Unfortunately from my experience it’s usually because the small local ISPs don’t have the resources to understand IPv6, and may be using equipment generations old that may not support IPv6. It’s the large ISPs that don’t want to do it because it would increase their operational costs and require upgrades to operational systems and they see no new revenue associated.


Honestly, how old is your equipment at this point to not support IPv6 at all or usably in the data plane and in-band parts of the control plane? I wouldn't think it's even commercially relevant anymore. Pretty much anything L3 with at least 10Gb ports probably has support for most things relevant to a small local ISP.

You might be missing some niceties, but even some new stuff is missing those. The big one I've seen is a nice way to handle DHCPv6-PD delegations without having to resort to using BGP to inject the routes (looking at you, Extreme SLX). FCC NOI response - Google Docs

Us bufferbloat folk have been putting together a response to the FCC's
NOI (notice of inquiry) asking for feedback as to increasing the
broadband speeds beyond 100/20 Mbit.

  The era of “buffer bloat” has passed. Buffer bloat is just about jitter, and jitter mitigation is just better now.

  I don’t think jitter needs to be part of public policy.


Trying to put technical requirements like this into law and public policy is an extremely terrible idea. This letter should never be sent.

The regulatory agencies today don’t have the manpower or expertise to adequately enforce the more generic broadband deployment rules. What fantasy world exists where they have the manpower or expertise to monitor for and enforce something like this? Hell, there are constant , legitimate technical discussions between experts on HOW to properly monitor things just like this. We want to have someone at the FCC deciding what that should look like?

4.4 What the hell? The regulatory agencies should be allocating spectrum, and making sure it’s not used improperly with the rules of allocation. Making it work ‘better’ is OUR job in the technical community. Not an FCC rulemaker.

4.8 There are zero scenarios there should ever be regulatory rules about device software. In our space (non-ISP) , TONS of people run older versions of vendor code. Why? The shit DOESN’T WORK RIGHT YET and it causes other problems. You suggest that regulatory bodies be involved in dictating anything about this?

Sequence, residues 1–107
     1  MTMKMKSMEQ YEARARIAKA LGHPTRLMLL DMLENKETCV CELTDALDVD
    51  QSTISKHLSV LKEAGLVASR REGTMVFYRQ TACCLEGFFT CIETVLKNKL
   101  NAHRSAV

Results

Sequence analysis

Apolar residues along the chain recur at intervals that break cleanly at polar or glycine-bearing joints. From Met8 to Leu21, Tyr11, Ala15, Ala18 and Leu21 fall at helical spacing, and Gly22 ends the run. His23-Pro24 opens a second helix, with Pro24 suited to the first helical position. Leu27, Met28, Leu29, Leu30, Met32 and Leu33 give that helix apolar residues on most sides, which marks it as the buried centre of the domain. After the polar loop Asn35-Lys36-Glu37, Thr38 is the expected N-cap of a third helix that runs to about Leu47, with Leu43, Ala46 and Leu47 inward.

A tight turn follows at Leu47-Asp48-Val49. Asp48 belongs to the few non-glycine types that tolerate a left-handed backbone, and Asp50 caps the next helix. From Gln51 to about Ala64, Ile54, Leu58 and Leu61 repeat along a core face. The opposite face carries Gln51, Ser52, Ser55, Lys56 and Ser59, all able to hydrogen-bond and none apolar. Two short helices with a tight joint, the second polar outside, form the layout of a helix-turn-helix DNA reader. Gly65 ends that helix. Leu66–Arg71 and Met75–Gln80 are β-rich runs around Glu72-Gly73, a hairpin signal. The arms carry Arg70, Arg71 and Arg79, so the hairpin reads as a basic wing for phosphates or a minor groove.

The bufferbloat work belongs in the technical area, full stop. Nowhere near regulatory / legal.

Again, these rules typically only relevant when you are taking government funding or the government is looking to allocate future funding. Providers who don’t take government funding are welcome to run their networks as they choose.


It would be better to keep the government out of it altogether, but that has little chance of happening.

Hi Shane,

6rd works well enough, has been around long enough, and doesn't
require any significant equipment upgrades to implement. An ISP who
hasn't at least implemented that much is just being lazy.

Bill Herrin

Or has no engineer capable of configuring it, or support staff trained to handle the issues that will come up.

There are many reasons why providers don’t support v6.

I agree. But I do have a question: is there a Best Practices RFC for setting buffer sizes in the existing corpus? The Internet community has been pretty good at setting reasonable standards and recommendations, so a pointer to a BCP or RFC would go much farther to solve the bufferbloat problem, as I believe administrators would prefer the "suggestion" instead of ham-handed regulation.

But that's just me. I do know there has been academic research on the subject, but don't recall seeing the results published as a practical operational RFC.

(And this is very much on-topic for NANOG, as it is about encouraging our peers to implement effective operation in their networks, and in their connections with others.)